THE WASHINGTON POST – The most arresting video game environments of recent memory are those that evoke the serenity of the natural world. To be sure, that world is represented varyingly from game to game. But mostly, impressions of solitude abound, as in Death Stranding, with its lonely treks across mountains, grassland, and forested slopes.
The Senpou Temple of Sekiro: Shadows Die Twice is likewise secluded, and eerily so.
One discerns the sonorous chants of the temple’s corrupted monks and glimpses, beyond the closely gathered trees, their pillared monastery. And in the higher regions of The Legend of Zelda: Breath of the Wild, where Link flits about the pines, imminent dangers pale before the atmosphere that surrounds.
At such times the call of battle can feel oddly remote, so spellbinding are those virtual woods. Kena: Bridge of Spirits, a fantasy action-adventure game from the developer Ember Lab, aspires to a similar magic, though its style is more Zelda than Sekiro, and more Disney than Death Stranding. Its difficulty can be punishing, however, and it tells its own tale of the serenities – and the horrors – of nature. A plague has visited death and famine upon the game’s world, and has created a few villains in the process.
Kena, the protagonist, begins her adventure in the aftermath of that tragedy. A good-hearted spirit guide, she is grieving her late father and hopes to find solace at the hallowed Mountain Shrine.
The staff Kena wields once belonged to her father. Like her pendant necklace, and the scars on her hands, it is luminous with the blue energy of the Mountain Shrine.
The land had been nourished by that same energy, but something changed. “Like all things, the Mountain Shrine follows a natural cycle,” explains one character.
Before Kena can approach the mountain, she must travel through forests, fields and spiritual portals. Her principal task is to battle three corrupted spirits who are resisting the pull of the Spirit Realm.
In the lead-up to each battle, Kena collects relics that figured importantly in the mortal lives of these spirits. She learns of the woes that have moored them to the world. And in the wake of each battle, when the spirits are free of the mysterious corruption that had transformed their minds and bodies.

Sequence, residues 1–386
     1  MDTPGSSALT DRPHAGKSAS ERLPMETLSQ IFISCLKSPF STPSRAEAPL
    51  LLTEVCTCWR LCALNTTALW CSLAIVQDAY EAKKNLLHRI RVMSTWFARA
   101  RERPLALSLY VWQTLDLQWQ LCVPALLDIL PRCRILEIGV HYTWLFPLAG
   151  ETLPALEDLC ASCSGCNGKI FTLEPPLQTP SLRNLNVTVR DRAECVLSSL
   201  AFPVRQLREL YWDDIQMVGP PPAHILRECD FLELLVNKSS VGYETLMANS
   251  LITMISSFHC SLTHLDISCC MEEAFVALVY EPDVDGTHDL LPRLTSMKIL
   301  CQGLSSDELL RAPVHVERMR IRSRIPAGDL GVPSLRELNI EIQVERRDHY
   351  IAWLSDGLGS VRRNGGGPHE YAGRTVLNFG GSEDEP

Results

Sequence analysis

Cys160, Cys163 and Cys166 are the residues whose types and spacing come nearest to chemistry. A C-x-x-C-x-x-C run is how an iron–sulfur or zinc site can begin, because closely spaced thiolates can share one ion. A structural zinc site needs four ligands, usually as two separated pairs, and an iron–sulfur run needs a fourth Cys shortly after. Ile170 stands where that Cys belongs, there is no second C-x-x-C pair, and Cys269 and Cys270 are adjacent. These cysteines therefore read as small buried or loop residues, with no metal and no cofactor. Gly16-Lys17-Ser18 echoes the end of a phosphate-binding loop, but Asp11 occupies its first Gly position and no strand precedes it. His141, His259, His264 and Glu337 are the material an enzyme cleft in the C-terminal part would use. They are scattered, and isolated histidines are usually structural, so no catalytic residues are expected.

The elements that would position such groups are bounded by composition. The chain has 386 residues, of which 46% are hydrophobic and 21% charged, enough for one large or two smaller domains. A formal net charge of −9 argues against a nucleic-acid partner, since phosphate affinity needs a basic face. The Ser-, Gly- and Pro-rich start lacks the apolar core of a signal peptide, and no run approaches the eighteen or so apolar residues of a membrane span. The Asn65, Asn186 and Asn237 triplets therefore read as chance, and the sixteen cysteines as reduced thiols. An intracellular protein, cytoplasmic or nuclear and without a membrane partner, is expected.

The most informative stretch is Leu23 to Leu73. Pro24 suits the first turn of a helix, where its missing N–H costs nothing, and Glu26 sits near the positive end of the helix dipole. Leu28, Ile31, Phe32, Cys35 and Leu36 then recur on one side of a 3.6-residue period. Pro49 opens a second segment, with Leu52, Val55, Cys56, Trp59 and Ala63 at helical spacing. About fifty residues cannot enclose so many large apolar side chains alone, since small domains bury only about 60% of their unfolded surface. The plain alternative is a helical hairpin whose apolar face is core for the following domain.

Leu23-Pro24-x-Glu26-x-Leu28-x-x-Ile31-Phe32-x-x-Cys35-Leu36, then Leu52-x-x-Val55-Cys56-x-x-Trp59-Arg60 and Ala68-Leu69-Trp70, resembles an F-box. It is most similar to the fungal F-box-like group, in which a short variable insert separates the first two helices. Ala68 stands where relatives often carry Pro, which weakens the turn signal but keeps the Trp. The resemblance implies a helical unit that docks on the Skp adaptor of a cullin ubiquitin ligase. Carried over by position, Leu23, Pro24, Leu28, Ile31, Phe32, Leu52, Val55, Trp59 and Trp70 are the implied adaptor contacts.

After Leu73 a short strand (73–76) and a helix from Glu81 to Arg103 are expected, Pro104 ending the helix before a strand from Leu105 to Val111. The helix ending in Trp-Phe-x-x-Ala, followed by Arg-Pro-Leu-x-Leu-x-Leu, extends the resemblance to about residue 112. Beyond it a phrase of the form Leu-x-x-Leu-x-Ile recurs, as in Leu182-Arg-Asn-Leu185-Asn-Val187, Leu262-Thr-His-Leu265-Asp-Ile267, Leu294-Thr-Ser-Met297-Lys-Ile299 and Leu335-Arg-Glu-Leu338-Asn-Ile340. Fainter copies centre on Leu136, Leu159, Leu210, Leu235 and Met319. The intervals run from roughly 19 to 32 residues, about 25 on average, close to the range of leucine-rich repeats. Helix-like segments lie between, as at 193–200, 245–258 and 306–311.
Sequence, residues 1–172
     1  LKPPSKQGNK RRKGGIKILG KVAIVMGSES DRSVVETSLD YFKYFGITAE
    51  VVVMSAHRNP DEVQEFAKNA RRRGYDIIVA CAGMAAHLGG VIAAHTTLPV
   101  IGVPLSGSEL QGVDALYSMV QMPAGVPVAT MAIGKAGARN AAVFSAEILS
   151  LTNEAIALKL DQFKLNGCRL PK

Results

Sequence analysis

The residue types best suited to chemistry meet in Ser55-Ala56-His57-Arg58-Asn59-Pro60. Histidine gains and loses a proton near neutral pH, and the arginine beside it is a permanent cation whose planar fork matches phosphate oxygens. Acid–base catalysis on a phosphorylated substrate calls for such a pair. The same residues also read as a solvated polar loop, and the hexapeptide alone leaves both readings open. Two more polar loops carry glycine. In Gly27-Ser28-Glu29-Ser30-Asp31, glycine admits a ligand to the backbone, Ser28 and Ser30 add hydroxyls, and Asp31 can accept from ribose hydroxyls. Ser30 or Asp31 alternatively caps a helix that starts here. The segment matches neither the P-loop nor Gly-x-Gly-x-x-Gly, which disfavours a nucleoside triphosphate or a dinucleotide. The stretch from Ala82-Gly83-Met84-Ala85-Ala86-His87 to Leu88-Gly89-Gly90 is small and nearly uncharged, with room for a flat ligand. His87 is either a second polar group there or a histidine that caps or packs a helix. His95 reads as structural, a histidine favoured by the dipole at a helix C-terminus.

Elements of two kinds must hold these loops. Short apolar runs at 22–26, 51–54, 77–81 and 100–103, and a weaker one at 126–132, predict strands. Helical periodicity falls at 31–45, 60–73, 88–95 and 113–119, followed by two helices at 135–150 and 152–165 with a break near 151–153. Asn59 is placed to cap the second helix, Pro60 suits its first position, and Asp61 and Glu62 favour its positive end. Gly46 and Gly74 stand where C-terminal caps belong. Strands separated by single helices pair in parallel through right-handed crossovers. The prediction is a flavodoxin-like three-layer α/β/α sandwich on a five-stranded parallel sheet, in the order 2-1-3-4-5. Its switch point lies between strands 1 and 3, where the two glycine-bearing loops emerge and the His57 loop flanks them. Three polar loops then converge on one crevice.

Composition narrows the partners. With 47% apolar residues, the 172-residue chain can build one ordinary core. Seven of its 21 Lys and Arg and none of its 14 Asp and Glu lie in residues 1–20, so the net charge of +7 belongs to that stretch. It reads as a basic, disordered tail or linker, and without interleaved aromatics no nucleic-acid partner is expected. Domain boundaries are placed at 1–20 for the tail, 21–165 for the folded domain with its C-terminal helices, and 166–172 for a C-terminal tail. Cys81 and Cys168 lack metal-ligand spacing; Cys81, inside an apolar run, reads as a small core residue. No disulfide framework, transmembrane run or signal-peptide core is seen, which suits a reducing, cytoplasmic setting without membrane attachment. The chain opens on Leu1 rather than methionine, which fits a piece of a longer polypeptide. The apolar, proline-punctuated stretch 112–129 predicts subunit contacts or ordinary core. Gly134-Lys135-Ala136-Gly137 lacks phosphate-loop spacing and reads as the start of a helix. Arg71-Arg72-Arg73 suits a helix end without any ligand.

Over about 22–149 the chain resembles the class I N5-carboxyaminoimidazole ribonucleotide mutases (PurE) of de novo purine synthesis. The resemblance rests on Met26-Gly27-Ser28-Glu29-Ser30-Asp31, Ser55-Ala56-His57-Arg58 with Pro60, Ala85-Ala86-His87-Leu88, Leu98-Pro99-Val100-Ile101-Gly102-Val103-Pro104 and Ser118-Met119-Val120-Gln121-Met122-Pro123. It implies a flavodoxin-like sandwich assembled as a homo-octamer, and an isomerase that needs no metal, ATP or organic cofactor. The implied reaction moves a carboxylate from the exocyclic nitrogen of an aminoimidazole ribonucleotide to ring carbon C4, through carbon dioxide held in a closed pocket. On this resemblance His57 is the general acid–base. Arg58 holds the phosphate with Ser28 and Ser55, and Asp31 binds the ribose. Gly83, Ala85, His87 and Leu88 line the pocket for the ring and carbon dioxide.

Kena sympathetically acknowledges their grief or regret. She speaks to them in placating tones and inspires them to move on at last.
The narrative also gestures toward the idea that nature – a source of power and caprice – requires our knowledgeable stewardship and patient reverence. But in its rush to pathos, the storytelling can register as hollow and laboured. And the dialogue too often reiterates the themes in plainly declarative ways.
In many other games, pots and barrels are but doomed piñatas, awaiting the strike of sword or fist. But here containers yield their contents whenever Kena stands before them and gently raps her staff upon the ground. Other items are hefted up by the Rot, and handled with care. “Can you move that?” Kena kindly queries when the player activates the Rot icon that accompanies interactive objects. She encounters overturned animal statues; the Rot help them back on their feet. The game therefore directs its solicitude not just toward the natural world but also scattered objects and heirlooms, some of which Kena returns to the homes of their deceased owners.
These bits of quiet ceremony are a more elegant expression of theme than the talkative cutscenes.
The game thrums along well enough during most battles, including the grandiose and unexpectedly arduous final boss fight – a six-stage ordeal in which failure typically sends the player back to stage one.
The frame rate is adequate, but dips noticeably at times. Kena’s character model also froze on two occasions. Earlier save files were the only recourse. Other encountered issues include, but are not limited to, the volume of the dialogue shifting erratically, and Kena getting stuck in the first-person view of a spiritual mask. The game can run unimpeded by glitches for long stretches, but more fine-tuning is clearly needed.
Kena is Ember Lab’s debut game, but they have experience artistically adapting the styles and sensibilities of other properties. They have animated commercials for corporations, for example, and created a popular tribute to The Legend of Zelda: Majora’s Mask. For better or worse, their knack for adaptation is also evident in Kena’s gameplay, which brings to mind Pikmin, Horizon: Zero Dawn, and the recent God of War, among other games.
On those merits, Kena isn’t especially inventive, but the game is an entertaining hodgepodge of tried and true ideas.
A sense of déjà vu certainly emerges. But one scarcely notices it during the brisk battles, or amid the splendours and astonishments of the enveloping forests.